Weber, Wilhelm Eduard (physicist)


(1804-1891) German Experimentalist (Classical Electromagnetism)

Wilhelm Eduard Weber was an ingenious experimentalist who made vital contributions to elec-tromagnetism. With the highly sensitive apparatus he developed he found new ways to measure electricity and magnetism and to define electric and magnetic units. He is also remembered as the first physicist to propose that electricity consists of charged particles.

He was born in Wittenberg, Saxony (now Germany), on October 24, 1804, into a distinguished family. His father was professor of theology at the University of Wittenberg; his older brother, Ernst, would become a seminal figure in developing the physiology of perception. When Wilhelm was 10, the family moved to Halle, where he would enter the university eight years later. After receiving his doctorate in 1826, he stayed on at Halle, at first as a lecturer and later, from 1828 to 1831, as an assistant professor. He then accepted a position as full professor at the University of Gottingen, where he met the mathematician and physicist johann carl friedrich gauss. Their collaboration marked the beginning of Weber’s work on magnetism.

Gauss and Weber created absolute units of magnetism, defined in terms of length, mass, and time. Working on his own, Weber built highly sensitive magnetometers, as well as a 3-km telegraph to connect his physics laboratory to Gauss’s at the astronomical observatory. In Gauss’s and Weber’s hands, this first working telegraph was used for scientific, rather than commercial, purposes: to connect a network of observation stations in order to correlate measurements of terrestrial magnetism made in different parts of the world.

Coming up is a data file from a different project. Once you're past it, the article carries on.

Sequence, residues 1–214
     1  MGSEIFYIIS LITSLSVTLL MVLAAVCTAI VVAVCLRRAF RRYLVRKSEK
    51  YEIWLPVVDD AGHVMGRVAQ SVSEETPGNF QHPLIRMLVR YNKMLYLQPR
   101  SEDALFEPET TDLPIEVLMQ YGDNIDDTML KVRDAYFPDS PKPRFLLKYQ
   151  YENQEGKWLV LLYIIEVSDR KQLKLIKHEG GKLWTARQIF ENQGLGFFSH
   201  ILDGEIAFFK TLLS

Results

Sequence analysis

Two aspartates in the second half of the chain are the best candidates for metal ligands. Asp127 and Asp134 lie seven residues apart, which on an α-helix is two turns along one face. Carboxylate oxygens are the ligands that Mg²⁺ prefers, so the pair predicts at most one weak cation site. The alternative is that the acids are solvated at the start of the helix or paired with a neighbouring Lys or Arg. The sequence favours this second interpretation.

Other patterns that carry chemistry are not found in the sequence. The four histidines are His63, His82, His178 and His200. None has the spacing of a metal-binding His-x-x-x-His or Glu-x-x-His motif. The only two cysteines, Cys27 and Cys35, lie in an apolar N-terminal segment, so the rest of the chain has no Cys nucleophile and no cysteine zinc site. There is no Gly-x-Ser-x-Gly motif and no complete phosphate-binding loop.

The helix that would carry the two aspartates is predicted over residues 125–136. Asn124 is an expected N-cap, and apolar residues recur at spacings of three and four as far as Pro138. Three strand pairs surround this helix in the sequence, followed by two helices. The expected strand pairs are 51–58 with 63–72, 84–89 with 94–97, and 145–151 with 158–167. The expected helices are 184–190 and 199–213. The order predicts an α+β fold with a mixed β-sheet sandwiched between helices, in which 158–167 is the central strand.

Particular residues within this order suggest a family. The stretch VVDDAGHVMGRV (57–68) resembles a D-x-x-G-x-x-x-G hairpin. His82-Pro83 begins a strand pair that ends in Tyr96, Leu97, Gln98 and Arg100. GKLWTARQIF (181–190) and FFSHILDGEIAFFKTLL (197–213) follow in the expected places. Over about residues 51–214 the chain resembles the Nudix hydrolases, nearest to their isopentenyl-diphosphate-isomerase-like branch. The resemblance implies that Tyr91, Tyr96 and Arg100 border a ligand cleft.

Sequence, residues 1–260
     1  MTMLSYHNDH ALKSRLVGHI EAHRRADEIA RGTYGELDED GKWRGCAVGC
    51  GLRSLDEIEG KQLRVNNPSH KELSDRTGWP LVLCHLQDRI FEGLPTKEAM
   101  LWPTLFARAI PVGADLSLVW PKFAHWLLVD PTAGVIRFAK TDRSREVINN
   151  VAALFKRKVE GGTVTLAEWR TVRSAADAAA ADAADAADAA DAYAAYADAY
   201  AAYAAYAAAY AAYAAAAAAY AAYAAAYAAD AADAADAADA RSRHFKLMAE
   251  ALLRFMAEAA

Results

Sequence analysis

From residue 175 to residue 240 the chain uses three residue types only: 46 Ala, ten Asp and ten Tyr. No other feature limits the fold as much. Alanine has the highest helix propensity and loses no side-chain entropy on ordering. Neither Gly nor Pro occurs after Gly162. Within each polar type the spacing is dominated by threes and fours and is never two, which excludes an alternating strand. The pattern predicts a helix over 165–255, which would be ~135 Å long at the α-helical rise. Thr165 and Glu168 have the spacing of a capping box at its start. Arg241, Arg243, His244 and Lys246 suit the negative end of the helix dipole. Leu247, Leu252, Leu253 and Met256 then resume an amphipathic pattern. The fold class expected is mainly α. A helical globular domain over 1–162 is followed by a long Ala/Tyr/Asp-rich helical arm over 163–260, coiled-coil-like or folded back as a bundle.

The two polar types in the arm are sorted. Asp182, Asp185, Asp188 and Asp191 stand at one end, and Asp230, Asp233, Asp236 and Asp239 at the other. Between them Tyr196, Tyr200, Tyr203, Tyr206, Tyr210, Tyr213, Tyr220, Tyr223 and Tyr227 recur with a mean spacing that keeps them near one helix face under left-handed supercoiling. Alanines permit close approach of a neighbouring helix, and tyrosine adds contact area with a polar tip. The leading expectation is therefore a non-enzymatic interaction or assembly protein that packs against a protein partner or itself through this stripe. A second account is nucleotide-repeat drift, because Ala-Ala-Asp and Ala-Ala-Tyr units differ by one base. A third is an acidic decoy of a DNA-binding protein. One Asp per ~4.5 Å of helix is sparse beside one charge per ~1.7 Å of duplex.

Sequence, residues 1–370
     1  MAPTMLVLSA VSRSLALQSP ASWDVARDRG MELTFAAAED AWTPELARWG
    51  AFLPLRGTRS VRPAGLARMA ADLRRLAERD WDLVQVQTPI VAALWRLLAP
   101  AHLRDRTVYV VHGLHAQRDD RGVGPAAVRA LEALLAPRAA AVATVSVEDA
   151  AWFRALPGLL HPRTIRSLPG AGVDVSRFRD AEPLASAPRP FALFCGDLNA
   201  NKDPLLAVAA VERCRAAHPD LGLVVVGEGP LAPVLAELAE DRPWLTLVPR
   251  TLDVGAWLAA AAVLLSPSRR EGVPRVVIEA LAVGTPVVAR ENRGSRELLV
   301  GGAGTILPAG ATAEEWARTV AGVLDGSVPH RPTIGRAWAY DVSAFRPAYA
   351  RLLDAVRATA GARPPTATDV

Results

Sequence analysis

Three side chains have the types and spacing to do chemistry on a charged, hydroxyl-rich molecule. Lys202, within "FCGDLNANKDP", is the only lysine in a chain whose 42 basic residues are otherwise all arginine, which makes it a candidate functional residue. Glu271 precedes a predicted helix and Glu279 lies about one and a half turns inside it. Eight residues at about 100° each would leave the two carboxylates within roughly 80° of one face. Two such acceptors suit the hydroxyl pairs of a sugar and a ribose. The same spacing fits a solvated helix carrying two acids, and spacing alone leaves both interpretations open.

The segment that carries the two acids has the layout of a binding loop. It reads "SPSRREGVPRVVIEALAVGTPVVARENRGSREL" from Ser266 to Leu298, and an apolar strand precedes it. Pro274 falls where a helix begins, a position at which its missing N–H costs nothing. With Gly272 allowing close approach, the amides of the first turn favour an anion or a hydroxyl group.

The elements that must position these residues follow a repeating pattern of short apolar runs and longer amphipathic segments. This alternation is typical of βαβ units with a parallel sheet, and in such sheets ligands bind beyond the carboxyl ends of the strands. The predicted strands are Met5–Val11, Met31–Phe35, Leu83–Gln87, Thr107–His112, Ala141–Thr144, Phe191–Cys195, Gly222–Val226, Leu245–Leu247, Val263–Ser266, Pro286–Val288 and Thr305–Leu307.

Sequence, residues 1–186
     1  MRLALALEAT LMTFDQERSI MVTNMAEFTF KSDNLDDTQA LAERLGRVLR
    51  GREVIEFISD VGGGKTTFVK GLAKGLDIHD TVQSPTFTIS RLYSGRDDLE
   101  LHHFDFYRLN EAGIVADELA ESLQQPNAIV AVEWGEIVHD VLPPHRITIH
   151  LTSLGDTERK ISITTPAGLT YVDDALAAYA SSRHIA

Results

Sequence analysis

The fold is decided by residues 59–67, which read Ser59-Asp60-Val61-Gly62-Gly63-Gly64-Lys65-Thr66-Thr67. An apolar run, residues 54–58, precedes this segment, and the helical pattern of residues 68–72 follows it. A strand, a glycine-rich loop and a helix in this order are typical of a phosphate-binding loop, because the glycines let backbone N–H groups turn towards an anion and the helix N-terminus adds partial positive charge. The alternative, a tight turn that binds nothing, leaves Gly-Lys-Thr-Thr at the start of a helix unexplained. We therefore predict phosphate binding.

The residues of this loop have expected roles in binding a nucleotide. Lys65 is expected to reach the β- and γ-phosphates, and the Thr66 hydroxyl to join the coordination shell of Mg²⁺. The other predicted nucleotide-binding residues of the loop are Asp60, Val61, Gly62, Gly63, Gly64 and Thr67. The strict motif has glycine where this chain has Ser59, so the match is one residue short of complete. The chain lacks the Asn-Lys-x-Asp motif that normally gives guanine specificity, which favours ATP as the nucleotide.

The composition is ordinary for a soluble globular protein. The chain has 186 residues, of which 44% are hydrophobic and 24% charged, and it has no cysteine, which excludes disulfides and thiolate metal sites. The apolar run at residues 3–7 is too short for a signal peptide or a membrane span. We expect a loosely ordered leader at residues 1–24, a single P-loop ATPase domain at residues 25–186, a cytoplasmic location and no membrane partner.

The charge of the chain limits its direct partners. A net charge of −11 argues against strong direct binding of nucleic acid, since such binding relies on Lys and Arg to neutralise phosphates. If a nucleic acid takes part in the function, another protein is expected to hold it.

Political events disrupted Weber’s academic life. In 1837, when Queen Victoria came to power, her uncle became the new ruler of Hanover and promptly suspended the constitution. Weber was one of seven professors who formally protested the action, all of whom were fired. He stayed in Gottingen, pursuing his research, until he was offered a professorship in Leipzig. Under these circumstances, he branched out into the measurement of electricity, defining an electromagnetic unit for electric current that was applied to measurements of current made by the deflection of a galvanometer.

Eventually, in 1849, he regained his position in Gottingen; he would remain there until his retirement in the 1870s. His later work there focused on electrodynamics and the electrical structure of matter.

In 1855, Weber studied the ratio between the electrodynamic and electrostatic units of charge. Weber calculated this ratio as 3.1074 X 108 m/s; however, he did not understand the physical implications of the fact that this ratio was close to the speed of light. It would fall to james clerk maxwell, in creating his electromagnetic theory of light, to realize that this implied that light waves were time-dependent electromagnetic fields traveling through space at a speed equal to the ratio Weber had found.

During his later years, Weber focused on research in electrodynamics and the electrical structure of matter. After his death in Gottingen on June 23, 1891, Weber’s name was given to the standard international unit of magnetic flux density, the weber, in recognition of his pioneering work in electromagnetism.

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